ISLAMABAD - The government yesterday admitted in the Senate that 'biggest oil lobby' in the country was the main hurdle in the way of replacing costly oil for power producing plants with other alternates of cheap fuel.

Water and Power Minister Khawaja Muhammad Asif, concluding the debate in the upper house on an adjournment motion on the recent report of National Electric Power Regulatory Authority (Nepra), said, "The biggest oil lobby in the country does not want to replace the oil with other alternates of fuel like coal to run power producing plants".

The minister said that power plants used to sell oil provided by the government instead of using it for the production of power. "They use minimum oil of low efficiency and sell rest of the oil in the open market," he said and added, "There is a big oil lobby in this country where oil of worth 16 billion dollar is imported. They sell the oil and don't want to replace oil with other fuels".

“In India, 60 percent electricity is produced through coal and we don't produce even a single megawatt with it which is the cheapest. We want to shift on coal but we are facing resistance,” he said, adding, the government was facing the same resistance in the import of LNG.

The minister also demanded ‘heat audit’ of all the power plants run by oil.

“The heat rate audit will determine the actual consumption of oil by power sector," he said.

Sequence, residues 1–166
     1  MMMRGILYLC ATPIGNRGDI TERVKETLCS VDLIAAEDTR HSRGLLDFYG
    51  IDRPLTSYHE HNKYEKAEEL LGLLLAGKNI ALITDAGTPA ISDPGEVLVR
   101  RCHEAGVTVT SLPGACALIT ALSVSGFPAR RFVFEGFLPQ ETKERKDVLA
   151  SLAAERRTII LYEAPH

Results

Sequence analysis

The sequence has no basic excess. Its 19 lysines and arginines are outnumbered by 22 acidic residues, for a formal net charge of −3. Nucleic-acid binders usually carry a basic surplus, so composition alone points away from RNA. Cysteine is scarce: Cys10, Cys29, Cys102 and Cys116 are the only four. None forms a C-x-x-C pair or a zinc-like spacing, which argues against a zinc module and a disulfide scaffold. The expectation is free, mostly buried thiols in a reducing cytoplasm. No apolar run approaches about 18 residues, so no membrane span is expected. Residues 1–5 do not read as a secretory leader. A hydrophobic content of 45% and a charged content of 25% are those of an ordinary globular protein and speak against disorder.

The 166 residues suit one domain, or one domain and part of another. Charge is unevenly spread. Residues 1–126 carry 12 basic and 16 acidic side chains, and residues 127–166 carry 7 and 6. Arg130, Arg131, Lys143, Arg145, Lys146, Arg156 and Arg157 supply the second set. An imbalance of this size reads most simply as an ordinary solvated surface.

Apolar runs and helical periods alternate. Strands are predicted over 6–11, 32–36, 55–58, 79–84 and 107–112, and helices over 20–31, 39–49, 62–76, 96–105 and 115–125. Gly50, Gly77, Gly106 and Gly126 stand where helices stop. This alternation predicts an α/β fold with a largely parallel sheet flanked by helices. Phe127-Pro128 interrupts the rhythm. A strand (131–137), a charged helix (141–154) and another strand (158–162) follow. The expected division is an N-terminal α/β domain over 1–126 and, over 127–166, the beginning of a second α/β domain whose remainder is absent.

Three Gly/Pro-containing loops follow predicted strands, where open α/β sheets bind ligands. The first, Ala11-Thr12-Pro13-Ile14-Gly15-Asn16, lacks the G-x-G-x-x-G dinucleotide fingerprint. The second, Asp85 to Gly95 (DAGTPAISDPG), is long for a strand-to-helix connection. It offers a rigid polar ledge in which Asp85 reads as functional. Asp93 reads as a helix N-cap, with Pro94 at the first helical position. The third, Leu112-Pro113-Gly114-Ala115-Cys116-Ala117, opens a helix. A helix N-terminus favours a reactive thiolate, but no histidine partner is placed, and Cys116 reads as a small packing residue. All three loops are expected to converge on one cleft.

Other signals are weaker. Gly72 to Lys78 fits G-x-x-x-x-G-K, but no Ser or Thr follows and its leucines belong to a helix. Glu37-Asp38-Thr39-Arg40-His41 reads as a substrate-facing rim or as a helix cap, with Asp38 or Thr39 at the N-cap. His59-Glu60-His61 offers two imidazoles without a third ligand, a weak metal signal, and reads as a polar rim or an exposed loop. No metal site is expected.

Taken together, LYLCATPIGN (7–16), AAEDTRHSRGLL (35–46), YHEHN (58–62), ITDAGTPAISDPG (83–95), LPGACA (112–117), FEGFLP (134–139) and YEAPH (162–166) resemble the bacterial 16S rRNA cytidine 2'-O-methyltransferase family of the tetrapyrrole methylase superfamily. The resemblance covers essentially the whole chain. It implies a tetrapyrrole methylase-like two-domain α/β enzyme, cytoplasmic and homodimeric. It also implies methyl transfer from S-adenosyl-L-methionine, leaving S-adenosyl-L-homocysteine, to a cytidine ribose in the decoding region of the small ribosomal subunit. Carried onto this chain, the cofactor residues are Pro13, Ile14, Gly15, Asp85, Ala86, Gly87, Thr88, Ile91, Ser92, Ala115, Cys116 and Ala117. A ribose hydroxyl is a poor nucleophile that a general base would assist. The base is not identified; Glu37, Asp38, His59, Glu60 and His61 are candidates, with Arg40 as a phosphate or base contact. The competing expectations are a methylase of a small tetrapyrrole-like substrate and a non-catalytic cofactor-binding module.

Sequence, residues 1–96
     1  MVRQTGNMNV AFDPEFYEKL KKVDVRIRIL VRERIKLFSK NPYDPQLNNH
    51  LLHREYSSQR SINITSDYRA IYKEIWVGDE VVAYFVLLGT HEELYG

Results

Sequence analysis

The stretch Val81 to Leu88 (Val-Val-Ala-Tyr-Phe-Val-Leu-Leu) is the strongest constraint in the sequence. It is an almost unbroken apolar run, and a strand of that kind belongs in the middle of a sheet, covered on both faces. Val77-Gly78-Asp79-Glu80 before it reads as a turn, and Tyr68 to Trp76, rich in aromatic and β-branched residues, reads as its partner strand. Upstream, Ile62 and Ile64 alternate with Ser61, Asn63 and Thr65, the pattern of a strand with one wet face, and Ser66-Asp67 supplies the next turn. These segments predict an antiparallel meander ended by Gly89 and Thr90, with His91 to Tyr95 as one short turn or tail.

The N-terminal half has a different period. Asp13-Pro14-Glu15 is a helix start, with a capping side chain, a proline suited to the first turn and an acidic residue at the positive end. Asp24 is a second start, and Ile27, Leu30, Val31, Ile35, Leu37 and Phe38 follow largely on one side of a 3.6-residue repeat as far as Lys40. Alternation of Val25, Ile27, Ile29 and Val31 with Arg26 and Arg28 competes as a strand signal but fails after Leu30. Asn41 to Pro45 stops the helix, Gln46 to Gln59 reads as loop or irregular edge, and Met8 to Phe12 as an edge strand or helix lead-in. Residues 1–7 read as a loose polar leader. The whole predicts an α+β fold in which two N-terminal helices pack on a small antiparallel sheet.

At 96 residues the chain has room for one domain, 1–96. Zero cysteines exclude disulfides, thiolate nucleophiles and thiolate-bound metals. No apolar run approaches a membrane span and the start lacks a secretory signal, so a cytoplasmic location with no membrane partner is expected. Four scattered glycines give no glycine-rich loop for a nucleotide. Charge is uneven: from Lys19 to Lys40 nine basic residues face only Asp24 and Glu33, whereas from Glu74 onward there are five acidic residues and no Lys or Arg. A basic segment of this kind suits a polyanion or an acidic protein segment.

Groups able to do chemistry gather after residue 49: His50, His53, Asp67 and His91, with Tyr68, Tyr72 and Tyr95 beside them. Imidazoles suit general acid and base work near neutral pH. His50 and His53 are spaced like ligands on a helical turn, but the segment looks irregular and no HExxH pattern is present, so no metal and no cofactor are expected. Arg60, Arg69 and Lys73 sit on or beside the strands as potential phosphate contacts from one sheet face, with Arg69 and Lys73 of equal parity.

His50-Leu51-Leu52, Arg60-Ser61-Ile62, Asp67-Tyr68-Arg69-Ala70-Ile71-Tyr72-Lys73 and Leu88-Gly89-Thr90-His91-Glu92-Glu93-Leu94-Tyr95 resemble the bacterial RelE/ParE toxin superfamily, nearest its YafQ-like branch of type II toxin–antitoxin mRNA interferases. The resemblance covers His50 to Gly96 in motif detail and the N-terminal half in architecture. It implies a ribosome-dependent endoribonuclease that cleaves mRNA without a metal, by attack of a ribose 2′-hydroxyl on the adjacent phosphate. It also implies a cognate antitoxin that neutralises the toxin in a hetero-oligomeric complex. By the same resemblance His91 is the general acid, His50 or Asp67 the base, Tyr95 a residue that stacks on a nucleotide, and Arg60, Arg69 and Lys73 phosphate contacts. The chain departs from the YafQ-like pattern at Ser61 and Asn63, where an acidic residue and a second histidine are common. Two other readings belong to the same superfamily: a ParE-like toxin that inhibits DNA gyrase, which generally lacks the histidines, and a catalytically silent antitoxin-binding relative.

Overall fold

He added that the extra profit earned by power plants should go back to the consumers. Opposition lawmaker Noman Wazir Khattak later said that demand of minister was irrational as "no one but the Ministry Of Water and Power itself had to conduct heat audit".

Criticising Nepra, the minister said that authority was a regulator that had been established to regulate private power sector but it had started regulating the state.

Clarifying some allegations of the opposition benches, the minister said that only 0.3 million 'time of the day' meters had been installed for out of total 20 million consumers. The Nepra in its report said that 70 percent of these meters were faulty and this became 1.04 percent of the total meters installed. He admitted that the government used to shut down those power plants that produced costly electricity up to Rs 42 per unit after maintaining the scheduled load shedding.

The minister said that the country had 23,000 MW ‘name plate’ capacity of power production, which had de-rated over the years, and now it was 18,000 to 19,000 MW. "We generated 16,890 MW electricity this summer, he said.

Kh Asif said that government was ready to hold audit of Nandipur Power Project through any government agency like NAB and non-government agency like UN or Asian Development Bank.

"If opposition wants to get a judicial commission formed, we are ready," he said. The forensic audit of the project had already been done and the government was ready for commercial and accountancy audit.

The minister said that privatisation of K-Electric as single entity was the wrong decision as a public sector monopoly was handed over to the private sector monopoly in that way. Despite having capacity, K-Electric did not generate the required electricity as it got 650 MW from the national grid. It has only invested money on transmission lines in those areas of Karachi where it got more revenue. The government was trying to rectify this privatisation transaction, he concluded.